An exploration of coding that investigates the interplay between computational abstractions and the fundamentally interpretive nature of human experience.
The importance of coding in K–12 classrooms has been taken up by both scholars and educators. Voicing Code in STEM offers a new way to think about coding in the classroom—one that goes beyond device-level engagement to consider the interplay between computational abstractions and the fundamentally interpretive nature of human experience. Building on Mikhail Bakhtin's notions of heterogeneity and heteroglossia, the authors explain how STEM coding can be understood as voicing computational utterances, rather than a technocentric framing of building computational artifacts. Empirical chapters illustrate this theoretical stance by investigating different framings of coding as voicing.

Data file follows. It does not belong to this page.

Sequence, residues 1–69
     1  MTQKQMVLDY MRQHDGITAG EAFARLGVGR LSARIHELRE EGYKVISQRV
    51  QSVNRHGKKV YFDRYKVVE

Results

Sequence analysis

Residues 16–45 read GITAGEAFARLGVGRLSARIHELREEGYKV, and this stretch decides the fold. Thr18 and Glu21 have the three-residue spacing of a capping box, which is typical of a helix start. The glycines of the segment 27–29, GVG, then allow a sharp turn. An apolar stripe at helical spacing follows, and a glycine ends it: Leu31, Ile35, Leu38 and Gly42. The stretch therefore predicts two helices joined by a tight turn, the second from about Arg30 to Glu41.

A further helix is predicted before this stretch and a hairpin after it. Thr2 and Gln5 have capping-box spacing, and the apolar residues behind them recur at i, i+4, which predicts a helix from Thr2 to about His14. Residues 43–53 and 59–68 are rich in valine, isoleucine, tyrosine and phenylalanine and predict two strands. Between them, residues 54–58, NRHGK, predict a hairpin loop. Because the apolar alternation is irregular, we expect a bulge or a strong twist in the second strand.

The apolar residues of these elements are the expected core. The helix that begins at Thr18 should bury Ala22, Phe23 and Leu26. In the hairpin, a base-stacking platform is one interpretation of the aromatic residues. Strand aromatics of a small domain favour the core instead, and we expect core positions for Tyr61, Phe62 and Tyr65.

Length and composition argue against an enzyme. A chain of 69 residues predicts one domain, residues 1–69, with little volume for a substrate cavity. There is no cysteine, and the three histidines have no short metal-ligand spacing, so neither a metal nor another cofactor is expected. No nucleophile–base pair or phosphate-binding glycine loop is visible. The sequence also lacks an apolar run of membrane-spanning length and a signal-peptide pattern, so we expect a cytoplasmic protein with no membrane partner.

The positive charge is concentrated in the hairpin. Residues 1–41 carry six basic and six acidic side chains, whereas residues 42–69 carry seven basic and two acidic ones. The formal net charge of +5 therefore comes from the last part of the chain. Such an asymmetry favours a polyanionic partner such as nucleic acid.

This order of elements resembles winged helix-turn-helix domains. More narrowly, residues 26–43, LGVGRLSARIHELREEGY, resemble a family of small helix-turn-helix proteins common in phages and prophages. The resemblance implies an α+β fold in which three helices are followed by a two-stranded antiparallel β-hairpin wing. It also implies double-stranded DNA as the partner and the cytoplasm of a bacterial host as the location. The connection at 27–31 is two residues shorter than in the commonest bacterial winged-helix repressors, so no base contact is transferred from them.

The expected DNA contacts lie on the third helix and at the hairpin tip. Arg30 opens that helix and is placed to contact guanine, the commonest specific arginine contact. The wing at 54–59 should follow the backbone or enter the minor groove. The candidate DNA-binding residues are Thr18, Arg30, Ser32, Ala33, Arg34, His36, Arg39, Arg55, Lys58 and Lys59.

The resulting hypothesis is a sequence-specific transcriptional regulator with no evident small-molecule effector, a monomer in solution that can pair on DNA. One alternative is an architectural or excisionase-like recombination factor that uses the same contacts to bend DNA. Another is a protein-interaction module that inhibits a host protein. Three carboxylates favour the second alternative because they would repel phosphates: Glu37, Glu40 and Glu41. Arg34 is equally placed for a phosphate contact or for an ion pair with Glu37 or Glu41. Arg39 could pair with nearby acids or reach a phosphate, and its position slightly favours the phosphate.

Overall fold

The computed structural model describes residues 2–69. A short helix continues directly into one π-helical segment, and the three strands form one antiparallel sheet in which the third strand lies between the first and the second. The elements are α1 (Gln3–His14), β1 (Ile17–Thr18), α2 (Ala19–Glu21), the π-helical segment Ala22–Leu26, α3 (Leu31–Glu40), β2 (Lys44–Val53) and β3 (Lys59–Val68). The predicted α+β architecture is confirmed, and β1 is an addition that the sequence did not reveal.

Understanding the experiential nature of coding allows us to design better tools and curricula for students, and enables us to see computing as experience beyond the mastery of symbolic power. Arguing for a critical phenomenology of coding, the authors explain that the phenomenological dimension refocuses attention on the fundamentally complex nature of human experiences that are involved in coding and learning to code. The critical dimension involves learning to recognize voices that historically have received less attention.